Security Dealer & Integrator

NOV 2018

Find news and information for the executive corporate security director, CSO, facility manager and assets protection manager on issues of policy, products, incidents, risk management, threat assessments and preparedness.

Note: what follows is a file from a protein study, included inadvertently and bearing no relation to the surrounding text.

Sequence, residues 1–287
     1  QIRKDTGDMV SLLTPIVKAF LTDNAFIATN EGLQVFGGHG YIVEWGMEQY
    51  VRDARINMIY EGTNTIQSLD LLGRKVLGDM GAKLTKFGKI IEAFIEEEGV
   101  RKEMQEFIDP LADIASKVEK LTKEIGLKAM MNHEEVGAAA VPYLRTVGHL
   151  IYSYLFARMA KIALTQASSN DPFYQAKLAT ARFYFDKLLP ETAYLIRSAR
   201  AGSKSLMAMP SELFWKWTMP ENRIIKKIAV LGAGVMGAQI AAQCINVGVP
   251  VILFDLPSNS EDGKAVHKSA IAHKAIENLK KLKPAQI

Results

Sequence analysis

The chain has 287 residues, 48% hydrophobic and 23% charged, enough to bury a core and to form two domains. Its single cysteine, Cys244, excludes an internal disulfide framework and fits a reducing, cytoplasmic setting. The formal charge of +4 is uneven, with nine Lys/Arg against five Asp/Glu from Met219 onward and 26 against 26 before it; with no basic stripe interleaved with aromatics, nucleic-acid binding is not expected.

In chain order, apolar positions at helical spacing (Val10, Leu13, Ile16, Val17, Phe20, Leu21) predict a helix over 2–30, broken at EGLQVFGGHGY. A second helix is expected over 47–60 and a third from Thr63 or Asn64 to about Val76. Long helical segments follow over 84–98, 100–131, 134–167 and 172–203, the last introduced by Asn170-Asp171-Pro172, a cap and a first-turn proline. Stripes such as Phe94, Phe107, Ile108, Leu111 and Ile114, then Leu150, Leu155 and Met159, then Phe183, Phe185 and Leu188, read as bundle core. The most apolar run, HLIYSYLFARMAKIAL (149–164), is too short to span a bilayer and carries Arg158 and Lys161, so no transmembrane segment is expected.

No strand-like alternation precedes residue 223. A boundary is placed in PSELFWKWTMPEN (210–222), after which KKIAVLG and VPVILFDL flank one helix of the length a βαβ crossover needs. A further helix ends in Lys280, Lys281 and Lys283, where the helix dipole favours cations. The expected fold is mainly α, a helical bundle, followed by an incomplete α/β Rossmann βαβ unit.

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November 2018 / Security Dealer & Integrator 23 theories of the defense – some factual and others legal. In preparing the key corporate witness for a deposition in the litigation, Jim highlighted the limitation of liability provision. This included a discussion of the part of the contract which stated that, for a higher monthly fee, the company would consider an increase in the limitation amount. The witness seemed to grasp the issue (or so Jim thought). Here is the relevant testimony: Plaintiff’s Counsel: “I refer your attention to the portion of the contract which states ‘subscriber may, as a matter of right, obtain from the company, a higher limit of liability (by paying an additional amount for the increase in such limit of liability), but the additional obligation shall in no way be interpreted to hold the company as an insurer.’ Was it the company’s practice to negotiate this with the subscriber if the subscriber requested a higher limit?” Witness: “I don’t think we would ever negotiate that.” At this point, attorney “Jim” almost fell out of his seat! This was a bad answer – and an inaccurate one relative to the company’s actual approach; however, this was the witness’ earnest understanding and he did his best in the deposition. The case was resolved very favorably for the company anyway. The lesson here is that companies seeking to enforce limiting conditions in any contract should remember that it is in their interest to accommodate at least a discussion with a customer on the terms of such contract. This does not mean the company has to cede to the demands of the customer or agree necessarily to amend the terms of the contract; however, a systematic unwillingness to negotiate the terms of a contract – even a form contract – risks that the contract or certain terms (such as a limitation of liability) may not be enforceable. This is a short-sighted approach and not good for your company. So, please make “Jim” happy and be intelligent about how you handle the issue of bargaining power in the contracting process. If you don’t, your company may suffer, and “Jim” may again fall out of his chair! ■ » Tim Pastore is a Partner in the New York law firm of Duval & Stachenfeld LLP, where he is the Chair of the Security Systems and Real Estate Cybersecurity Practice Groups. Before entering private practice, Mr. Pastore was an officer and Judge Advocate General (JAG) in the U.S. Air Force and a Special Assistant U.S. Attorney with the U.S. Department of Justice. Reach him at (212) 692-5982 or by e-mail at Entries Open SOON! SD&I FAST 50 America's Fastest Growing Security Dealers and Systems Integrators Now in its 9th year, the SD&I Fast50 program for America's fastest-growing security integrators will open for entries at the end of December! Get your company the recognition it deserves by entering this free ranking, research and strategy-sharing program for security systems integrators and dealers, endorsed by ISC West and SIA. Your entry also includes participation in exclusive research on industry trends, to be reported in SD&I. The top Fast50 companies will be unveiled at a live event at ISC West, and the full rankings and results of the exclusive market research will appear in the April 2019 issue of SD&I. Get full details and read about last year's top-ranked companies at the link below! Endorsed by ISC WEST SIA Visit or contact for full details.

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